Havana Brown – Mixed Cat Breed Characteristics & Facts


The unusual head shape of the Havana, which is longer than it is wide, sets him apart. Below are all of Havana Brown’s qualities.

Havana Brown Mixed Cat Breed Picture

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Havana Brown – Mixed Cat Breed Characteristics

Affectionate with Family
Amount of Shedding
General Health
Potential for Playfulness
Tendency to Vocalize
Friendly Toward Strangers
Easy to Groom
Pet Friendly

Vital Stats:

Life span:10 to 15 years
Length:12 to 15 inches
Weight:6 to 10 pounds


How did a Southeast Asian-born, brown cat with the reputation for offering protection from evil become known as a Swiss Mountain Cat, and how did it later take on the name Havana Brown? History has lost the full answers to those questions, but it appears that solid-brown Siamese-type cats from Thailand were displayed in Britain in the 1890s. They somehow came to be known as the Swiss Mountain Cat during that time.

Brown cats without blue eyes were deemed unattractive in 1920 by the Siamese Cat Club of Britain, and that was that. Before a group of British cat breeders set out to identify the genetic make-up of a self-brown (solid-colored) cat in the 1950s, breeders lost interest in them. The outcome of their cross between a shorthaired black cat and a chocolate-point Siamese was a male chestnut-brown kitten.

The development of what became known as the Havana Brown, whose only connection to Cuba is the alleged similarity of his color to that of a fine Havana cigar, may also have involved Russian Blues and Burmese. But as it turned out, a breeding between a black shorthair and a seal-point Siamese carrying the chocolate gene was the most effective and frequently used to produce a self-brown cat, according to an article in the 1982 CFA Yearbook.

With so many aliases, the cats—also known as Chestnut Foreign Shorthair—might have been Cold War Cuban spies when they were first imported into the country in the 1950s. At that point, the breed started to split in two. He is currently regarded as a brown Oriental Shorthair in Britain. He is known as the Havana Brown in the United States and differs from his British cousin in terms of body and head type.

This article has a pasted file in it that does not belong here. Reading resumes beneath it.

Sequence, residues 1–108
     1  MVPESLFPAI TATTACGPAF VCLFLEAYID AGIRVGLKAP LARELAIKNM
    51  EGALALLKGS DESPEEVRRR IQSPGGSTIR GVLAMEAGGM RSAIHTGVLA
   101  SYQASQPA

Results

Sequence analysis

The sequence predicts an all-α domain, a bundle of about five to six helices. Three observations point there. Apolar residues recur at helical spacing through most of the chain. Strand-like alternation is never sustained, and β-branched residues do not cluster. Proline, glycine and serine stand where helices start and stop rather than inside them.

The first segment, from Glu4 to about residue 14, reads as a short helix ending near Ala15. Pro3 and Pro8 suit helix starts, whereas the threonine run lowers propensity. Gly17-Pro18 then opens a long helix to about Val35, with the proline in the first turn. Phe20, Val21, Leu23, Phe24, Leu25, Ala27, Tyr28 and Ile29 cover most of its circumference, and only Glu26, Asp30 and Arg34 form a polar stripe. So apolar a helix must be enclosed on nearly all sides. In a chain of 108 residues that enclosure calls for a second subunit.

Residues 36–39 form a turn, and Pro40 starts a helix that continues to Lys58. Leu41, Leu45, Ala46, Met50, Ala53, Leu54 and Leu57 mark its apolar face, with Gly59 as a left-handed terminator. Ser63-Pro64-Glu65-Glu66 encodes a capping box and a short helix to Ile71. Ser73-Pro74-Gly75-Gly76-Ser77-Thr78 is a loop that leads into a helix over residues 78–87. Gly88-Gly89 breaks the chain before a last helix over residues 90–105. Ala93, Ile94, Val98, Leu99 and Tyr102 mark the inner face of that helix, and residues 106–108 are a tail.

In 1964, the Cat Fanciers Association approved the breed. The genetic diversity of the Havana Brown is in danger because he is a rare breed. An outcrossing program that was started in 1998 and allows the cats to be bred to unregistered domestic shorthair cats that are black or blue, certain colors of Oriental shorthair cats, or chocolate-point or seal-point Siamese has helped to support it.

It is possible to breed Havana Browns with the kittens that result from those matings. Those kittens can be registered as Havana Browns if they have the Havana Brown coloring.


A medium-sized cat, the Havana weighs 6 to 10 pounds.


Whether or not the cat with the deep tobacco color known as the Havana Brown was named after the addictive leaf, those who get to know them quickly develop an addiction to them. They are gregarious and outgoing. As you go about your day, be prepared for one to follow you around the house.